Photography that can save the world

As we think more about the health of the planet, Ami Vitale tells how photographers can help us connect with the natural world.

In the wake of Cop26, we feature the photographer Ami Vitale, talking about Vital Impacts, an initiative that supports organisations who are protecting people, wildlife and habitats, celebrating the role of storytellers and the role they play in improving the health of the planet. Over to Ami:

(Scroll through using the arrows to see stunning pictures that celebrate the world we live in — the world we want to preserve. Click on each to see it in large format.)

I began my career covering conflicts and found myself in places like Kosovo, Angola, Gaza, Afghanistan and later Kashmir. While the importance of shining a light on human conflict shouldn’t be minimised, focusing only on this turned my world into a horror show. Those years in war zones led me to an epiphany. The stories about people and the human condition are always connected to nature. If you dig deep enough behind virtually every human conflict, there has been an erosion of the fundamental bond between the humans involved and the health of the natural world around them. Our fates are linked. Losing one part of nature is a loss for all of us.

Human activity has placed 1 million plant and animal species in immediate danger of extinction, causing what scientists have identified as the sixth major extinction event on this planet. This extinction event is different— not only is it driven by humans but it is happening at an incredibly fast and accelerating rate. Removal of a keystone species has a huge effect in the ecosystem and impacts all of us. These giants are part of a complex world created over millions of years, and their survival is intertwined with our own survival. Without wildlife we suffer more than just the loss of ecosystem health. We suffer a loss of imagination, a loss of wonder, a loss of beautiful possibilities.

What we need to give to the planet

What happens next is in all of our hands. Nature is resilient if we give it a chance,  if we give it our time. We all have the capacity to get engaged and use our voices to make a difference. Each of us will be a much more powerful voice when speaking to the people in our lives. I believe we must first fall in love with the world around us. Love gives us the courage to make a difference.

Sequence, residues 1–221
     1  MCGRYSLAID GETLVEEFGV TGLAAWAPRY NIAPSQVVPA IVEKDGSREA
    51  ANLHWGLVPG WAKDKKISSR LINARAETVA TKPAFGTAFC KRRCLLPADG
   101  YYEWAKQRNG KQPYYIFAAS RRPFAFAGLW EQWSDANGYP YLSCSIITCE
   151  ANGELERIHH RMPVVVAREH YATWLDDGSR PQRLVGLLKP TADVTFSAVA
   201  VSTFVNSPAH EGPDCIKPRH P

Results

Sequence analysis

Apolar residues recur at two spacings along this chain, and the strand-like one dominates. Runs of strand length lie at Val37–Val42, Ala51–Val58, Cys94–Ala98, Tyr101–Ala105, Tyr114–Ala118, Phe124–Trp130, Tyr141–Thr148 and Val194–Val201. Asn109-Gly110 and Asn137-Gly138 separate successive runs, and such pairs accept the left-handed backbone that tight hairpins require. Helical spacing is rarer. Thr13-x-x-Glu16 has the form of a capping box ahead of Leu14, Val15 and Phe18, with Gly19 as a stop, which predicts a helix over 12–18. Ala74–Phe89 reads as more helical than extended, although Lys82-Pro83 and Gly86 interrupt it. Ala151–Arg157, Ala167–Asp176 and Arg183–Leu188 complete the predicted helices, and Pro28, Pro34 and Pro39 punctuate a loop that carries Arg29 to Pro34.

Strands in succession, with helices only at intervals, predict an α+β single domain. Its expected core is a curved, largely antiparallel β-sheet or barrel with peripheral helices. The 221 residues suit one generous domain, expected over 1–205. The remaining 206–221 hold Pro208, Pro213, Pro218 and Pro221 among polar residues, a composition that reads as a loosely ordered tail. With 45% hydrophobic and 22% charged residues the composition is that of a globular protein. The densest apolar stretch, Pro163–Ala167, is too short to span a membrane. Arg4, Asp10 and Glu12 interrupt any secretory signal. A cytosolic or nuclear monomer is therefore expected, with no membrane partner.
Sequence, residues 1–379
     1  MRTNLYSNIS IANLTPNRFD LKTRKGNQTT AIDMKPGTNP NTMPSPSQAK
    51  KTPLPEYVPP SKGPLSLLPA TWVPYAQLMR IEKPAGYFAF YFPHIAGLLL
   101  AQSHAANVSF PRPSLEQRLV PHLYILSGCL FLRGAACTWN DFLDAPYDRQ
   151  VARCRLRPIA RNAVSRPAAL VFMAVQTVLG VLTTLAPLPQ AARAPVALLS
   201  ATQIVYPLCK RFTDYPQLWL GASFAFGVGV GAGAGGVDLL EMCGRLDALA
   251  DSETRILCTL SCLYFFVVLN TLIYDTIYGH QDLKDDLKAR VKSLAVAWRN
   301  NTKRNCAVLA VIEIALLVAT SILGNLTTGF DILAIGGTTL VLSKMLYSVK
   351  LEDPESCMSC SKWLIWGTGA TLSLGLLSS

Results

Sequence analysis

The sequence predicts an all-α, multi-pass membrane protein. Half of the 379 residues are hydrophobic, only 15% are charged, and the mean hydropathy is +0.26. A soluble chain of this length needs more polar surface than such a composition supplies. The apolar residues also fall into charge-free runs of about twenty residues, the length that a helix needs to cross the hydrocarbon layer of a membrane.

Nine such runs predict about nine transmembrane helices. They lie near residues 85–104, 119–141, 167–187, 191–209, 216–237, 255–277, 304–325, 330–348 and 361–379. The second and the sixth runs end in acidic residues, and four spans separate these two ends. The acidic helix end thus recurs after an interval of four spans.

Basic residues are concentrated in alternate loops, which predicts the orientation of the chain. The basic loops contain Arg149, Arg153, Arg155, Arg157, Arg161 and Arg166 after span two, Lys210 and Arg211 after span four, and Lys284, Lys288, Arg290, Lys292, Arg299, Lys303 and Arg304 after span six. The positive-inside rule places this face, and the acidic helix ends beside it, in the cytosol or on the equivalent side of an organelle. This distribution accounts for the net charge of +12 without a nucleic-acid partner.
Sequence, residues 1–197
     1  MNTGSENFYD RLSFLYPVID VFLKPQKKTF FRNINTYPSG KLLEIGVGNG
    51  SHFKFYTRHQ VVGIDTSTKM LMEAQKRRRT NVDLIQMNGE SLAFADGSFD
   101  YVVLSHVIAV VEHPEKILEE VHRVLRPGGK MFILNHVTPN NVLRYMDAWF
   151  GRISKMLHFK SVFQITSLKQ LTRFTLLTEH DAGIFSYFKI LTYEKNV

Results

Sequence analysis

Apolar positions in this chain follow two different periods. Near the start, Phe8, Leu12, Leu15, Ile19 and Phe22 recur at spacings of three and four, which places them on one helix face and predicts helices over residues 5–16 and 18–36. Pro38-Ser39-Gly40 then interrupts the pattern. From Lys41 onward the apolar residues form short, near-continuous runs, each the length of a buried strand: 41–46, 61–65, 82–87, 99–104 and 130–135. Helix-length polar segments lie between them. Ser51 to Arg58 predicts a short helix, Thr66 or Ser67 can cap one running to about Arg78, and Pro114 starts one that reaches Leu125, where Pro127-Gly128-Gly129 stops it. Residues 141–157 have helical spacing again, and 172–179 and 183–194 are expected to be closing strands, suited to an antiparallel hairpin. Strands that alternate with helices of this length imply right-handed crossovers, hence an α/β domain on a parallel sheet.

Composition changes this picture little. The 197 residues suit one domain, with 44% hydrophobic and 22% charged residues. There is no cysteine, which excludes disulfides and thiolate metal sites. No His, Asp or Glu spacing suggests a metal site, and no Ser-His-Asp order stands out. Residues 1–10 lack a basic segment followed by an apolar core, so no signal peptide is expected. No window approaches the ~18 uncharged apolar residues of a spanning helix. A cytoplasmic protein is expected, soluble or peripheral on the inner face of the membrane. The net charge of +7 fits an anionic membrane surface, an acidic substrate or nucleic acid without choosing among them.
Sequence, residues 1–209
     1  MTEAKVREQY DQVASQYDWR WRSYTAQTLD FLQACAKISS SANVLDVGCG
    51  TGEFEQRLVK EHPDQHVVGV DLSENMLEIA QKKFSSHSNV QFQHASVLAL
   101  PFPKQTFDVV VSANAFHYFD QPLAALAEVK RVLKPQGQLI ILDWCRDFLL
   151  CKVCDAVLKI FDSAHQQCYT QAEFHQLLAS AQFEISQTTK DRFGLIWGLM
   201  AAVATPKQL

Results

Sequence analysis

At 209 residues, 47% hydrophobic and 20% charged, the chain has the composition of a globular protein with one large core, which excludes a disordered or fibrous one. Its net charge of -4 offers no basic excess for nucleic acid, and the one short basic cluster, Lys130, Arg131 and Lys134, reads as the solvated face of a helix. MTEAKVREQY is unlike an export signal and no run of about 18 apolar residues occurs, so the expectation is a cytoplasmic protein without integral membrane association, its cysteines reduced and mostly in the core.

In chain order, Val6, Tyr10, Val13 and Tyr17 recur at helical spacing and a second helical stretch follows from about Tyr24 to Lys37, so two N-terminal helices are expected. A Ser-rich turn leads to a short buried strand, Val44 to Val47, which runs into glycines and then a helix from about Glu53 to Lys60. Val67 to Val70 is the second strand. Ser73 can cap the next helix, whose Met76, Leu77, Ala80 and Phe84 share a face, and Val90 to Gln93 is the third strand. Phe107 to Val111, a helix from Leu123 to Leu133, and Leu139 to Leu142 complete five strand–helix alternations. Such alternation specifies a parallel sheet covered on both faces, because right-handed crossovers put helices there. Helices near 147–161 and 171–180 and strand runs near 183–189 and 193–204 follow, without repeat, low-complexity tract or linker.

But I know it’s not just about loving this planet. In fact, that’s not going to save us. What’s going to save us is believing in the wonder of this world. Wonder allows us to get beyond routine ways of thinking and to reimagine our future together. Wonder shows us how deeply connected we are to one another and that our choices are profound in their impact. We all want to be on the right side of history and that can only happen when we realize that history is our story and our story is the story of every living thing on this planet. We must not fall into the trap of thinking that this issue is too big to deal with or that someone else will take care of it. It is up to you. It is up to me. It is up to us.

How photography can change the world

Photography has the unique ability to transcend all languages and help us understand our deep connections to one another and to all of life on this planet. It is the ultimate tool for creating empathy, awareness and understanding across cultures; a tool for making sense of our commonalities in the world we share. The genesis of this initiative is to use photography and powerful storytelling images to support organizations working to protect endangered habitats and amplify these critical stories. This is a moment to reimagine our relationship to nature and to each other. We all need to do all we can to care for the plants and critters that inhabit the earth. They are fellow travelers  in this universe. Our future happiness depends on them.

Photographers devoted to the environment

The photographs from all the artists in this initiative are diverse but the one thing they all have in common is a shared commitment to the environment. Dr. Jane Goodall DBE, the world’s foremost expert on chimpanzees, has also contributed prints, including a self portrait, as well as two other images showing the remarkable lives of chimpanzees that she has been working to protect for over 60 years.

Our other contributors are drawn from the covers of National Geographic and the world’s most prestigious fine art galleries. Just a few of the exceptional photographers are James Balog, Daniel Beltra, Nick Brandt, Chris Burkard, Jimmy Chin, Tamara Dean, David Doubilet, Beverly Joubert, Keith Ladzinski, Cristina Mittermeier, Jim Naughten, Paul Nicklen, Maggie Steber, Joel Sartore, Tim Flach, Carolyn Guzy, Matthieu Paley, Xavi Bou, Beth Moon, Ami Vitale, Stephen Wilkes, Reuben Wu who are among the hundred photographers we have curated for this.

The initiative is called Vital Impacts and its mission is to support organisations working to protect endangered habitats and the storytellers who amplify these critical stories. We will offer fine art prints and will be supporting Big Life Foundation, Jane Goodall Institute’s Roots and Shoots programme, Great Plains Conservation’s Project Ranger and SeaLegacy.

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